Overall, our findings confirm that outcomes for laparoscopic colon resection performed at a community hospital are similar to results described in the literature, and that laparoscopic technique can be safely introduced and performed at a community hospital.
1. Schwenk W, Haase O, Neudecker J, et al. Short term benefits for laparoscopic colorectal resection. Cochrane Database Syst Rev 2005;(3):CD003145.
2. Kuhry E, Schwenk WF, Gaupset R, et al. Cochrane Database Syst Rev. 2008;(2):CD003432. Long-term results of laparoscopic colorectal cancer resection.
3. Lacy AM, García-Valdecasas JC, Delgado S, et al. Laparoscopy-assisted colectomy versus open colectomy for treatment of non-metastatic colon cancer: A randomised trial. Lancet 2002;359(9325):2224-2229.
4. Clinical Outcomes of Surgical Therapy Study Group. A comparison of laparoscopically assisted and open colectomy for colon cancer. N Engl J Med 2004;350:2050-2059.
5. Veldkamp R, Kuhry E, Hop WC, et al. COlon cancer Laparoscopic or Open Resection Study Group (COLOR). Laparoscopic surgery versus open surgery for colon cancer: Short-term outcomes of a randomised trial. Lancet Oncol 2005;6:477-484.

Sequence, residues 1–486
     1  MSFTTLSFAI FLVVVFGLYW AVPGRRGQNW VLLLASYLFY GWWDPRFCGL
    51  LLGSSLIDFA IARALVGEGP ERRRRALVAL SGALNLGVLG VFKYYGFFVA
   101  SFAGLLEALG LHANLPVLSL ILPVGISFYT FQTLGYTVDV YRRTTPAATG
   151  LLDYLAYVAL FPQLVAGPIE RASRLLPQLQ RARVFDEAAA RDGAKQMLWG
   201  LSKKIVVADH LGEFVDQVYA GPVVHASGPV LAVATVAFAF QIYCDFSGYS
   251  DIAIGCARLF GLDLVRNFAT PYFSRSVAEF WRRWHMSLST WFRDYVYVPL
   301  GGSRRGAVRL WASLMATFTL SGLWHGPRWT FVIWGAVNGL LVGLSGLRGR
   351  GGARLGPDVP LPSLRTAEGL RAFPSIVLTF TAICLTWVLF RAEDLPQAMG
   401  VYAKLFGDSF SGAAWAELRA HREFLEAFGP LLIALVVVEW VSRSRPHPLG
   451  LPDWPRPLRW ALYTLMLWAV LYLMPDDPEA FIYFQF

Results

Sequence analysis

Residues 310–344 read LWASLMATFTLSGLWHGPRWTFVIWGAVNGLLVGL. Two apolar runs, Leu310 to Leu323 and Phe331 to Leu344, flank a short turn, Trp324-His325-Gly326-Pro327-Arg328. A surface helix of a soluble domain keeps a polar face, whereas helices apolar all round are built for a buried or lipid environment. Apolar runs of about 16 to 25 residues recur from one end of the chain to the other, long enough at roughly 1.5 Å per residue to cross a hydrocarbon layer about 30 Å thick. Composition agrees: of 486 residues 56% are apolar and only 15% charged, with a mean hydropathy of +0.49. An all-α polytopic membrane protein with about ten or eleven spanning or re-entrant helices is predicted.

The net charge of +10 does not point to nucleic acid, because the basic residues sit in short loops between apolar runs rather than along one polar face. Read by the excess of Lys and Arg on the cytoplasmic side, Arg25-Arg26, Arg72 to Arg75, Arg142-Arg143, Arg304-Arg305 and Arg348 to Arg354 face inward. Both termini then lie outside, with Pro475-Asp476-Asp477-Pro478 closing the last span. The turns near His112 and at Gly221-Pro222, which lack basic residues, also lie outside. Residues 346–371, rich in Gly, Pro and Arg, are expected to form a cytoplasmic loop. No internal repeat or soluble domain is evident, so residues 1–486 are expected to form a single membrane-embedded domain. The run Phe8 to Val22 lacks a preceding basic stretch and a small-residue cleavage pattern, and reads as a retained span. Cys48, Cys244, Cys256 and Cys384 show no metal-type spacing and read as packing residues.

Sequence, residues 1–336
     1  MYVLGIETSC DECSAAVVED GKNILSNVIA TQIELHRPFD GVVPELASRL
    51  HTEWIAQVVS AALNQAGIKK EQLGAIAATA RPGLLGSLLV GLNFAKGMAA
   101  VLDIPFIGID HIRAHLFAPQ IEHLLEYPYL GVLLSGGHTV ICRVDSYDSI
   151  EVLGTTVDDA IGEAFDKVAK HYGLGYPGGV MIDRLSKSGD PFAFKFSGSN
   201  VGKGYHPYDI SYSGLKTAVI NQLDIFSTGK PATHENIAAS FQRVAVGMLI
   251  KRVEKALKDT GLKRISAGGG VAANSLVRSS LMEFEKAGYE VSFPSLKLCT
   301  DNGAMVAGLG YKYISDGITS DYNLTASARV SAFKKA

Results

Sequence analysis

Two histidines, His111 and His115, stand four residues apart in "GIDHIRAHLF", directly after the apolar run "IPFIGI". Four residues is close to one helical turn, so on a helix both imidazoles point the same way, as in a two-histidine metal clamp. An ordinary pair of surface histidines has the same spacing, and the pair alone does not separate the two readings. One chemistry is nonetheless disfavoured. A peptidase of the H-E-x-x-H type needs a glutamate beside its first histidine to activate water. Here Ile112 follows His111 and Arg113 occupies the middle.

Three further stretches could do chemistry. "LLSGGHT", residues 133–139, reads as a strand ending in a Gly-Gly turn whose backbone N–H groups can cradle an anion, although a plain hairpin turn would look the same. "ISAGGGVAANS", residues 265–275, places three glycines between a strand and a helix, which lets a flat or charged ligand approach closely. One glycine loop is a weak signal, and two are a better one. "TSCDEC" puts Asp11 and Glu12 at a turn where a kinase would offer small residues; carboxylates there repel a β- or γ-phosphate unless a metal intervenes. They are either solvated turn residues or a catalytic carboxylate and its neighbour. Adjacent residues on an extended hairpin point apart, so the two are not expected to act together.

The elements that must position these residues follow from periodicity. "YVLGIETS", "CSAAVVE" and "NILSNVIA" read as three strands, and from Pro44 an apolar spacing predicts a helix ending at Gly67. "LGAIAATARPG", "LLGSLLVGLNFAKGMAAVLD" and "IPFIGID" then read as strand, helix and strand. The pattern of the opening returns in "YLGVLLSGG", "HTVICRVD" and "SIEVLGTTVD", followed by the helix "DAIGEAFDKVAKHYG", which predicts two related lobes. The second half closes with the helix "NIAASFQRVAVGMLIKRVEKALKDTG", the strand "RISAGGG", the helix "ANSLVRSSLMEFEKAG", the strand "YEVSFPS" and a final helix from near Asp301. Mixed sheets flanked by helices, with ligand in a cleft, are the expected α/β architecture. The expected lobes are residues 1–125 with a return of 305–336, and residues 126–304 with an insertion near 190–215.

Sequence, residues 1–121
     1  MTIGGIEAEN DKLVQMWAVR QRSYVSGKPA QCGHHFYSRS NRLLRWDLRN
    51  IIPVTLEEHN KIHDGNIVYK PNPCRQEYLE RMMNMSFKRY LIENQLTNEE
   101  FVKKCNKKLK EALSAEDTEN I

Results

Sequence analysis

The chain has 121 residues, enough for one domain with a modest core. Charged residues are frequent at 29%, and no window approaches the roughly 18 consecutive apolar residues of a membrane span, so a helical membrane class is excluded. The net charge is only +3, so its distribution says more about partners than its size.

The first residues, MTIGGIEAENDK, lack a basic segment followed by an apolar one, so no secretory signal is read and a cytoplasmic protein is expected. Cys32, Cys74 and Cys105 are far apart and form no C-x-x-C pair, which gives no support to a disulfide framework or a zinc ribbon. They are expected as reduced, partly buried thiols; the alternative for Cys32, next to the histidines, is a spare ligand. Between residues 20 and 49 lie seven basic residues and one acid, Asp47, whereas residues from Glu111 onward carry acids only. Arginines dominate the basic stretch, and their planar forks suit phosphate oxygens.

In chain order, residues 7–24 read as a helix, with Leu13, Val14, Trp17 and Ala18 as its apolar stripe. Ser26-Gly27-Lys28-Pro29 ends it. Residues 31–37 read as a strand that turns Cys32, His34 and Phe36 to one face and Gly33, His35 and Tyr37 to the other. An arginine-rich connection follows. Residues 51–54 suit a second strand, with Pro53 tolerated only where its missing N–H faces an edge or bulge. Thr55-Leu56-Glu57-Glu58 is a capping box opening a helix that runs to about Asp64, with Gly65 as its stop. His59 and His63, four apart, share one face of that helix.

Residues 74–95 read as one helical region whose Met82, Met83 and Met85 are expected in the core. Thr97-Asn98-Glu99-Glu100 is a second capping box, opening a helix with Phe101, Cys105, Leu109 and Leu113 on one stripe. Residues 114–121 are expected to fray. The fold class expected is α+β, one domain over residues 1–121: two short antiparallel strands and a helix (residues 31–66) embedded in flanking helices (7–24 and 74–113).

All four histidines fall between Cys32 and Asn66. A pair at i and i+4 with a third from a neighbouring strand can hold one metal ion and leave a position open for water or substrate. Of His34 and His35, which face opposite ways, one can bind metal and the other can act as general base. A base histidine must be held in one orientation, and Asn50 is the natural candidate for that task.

6. Guillou PJ, Quirke P, Thorpe H, et al. MRC CLASICC trial group. Short-term endpoints of conventional versus laparoscopic-assisted surgery in patients with colorectal cancer (MRC CLASICC trial): Multicentre, randomised controlled trial. Lancet 2005;365(9472):1718-1726.
7. National Institute for Health and Clinical Excellence. Colorectal cancer—Laparoscopic surgery (review). Issued August 2006. Accessed 31 October 2012. http://guidance.nice.org.uk/TA105.
8. Nelson H, Petrelli N, Carlin A, et al. Guidelines 2000 for colon and rectal cancer surgery. J Natl Cancer Inst 2001;93:583-596.
9. Ault A. Harvesting 15+ nodes boosts colon cancer survival. Int Med News. Posted 15 July 2006. Accessed 31 October 2012. www.internalmedicinenews.com/index.php?id=495&cHash=071010&tx_ttnews[tt_news]=10135.
10. Wright RC, Kim CA, Horner I, et al. Superior lymph node resection is achievable with laparoscopic colectomy: Even in initial 30 cases. Am Surg 2008;74:243-249.
11. Tang BQ, Campbell JL. Laparoscopic colon surgery in community practice. Am J Surg 2007;193:575-578; discussion 578-579.
Dr Khan is a resident in general surgery at the University of British Columba. Drs Schwarz, McDonald, Causton, and Wiggins are staff surgeons at Chilliwack General Hospital. The authors presented the findings in this article at the Annual Spring Meeting of the BC Surgical Society, May 2011, in Parksville, BC.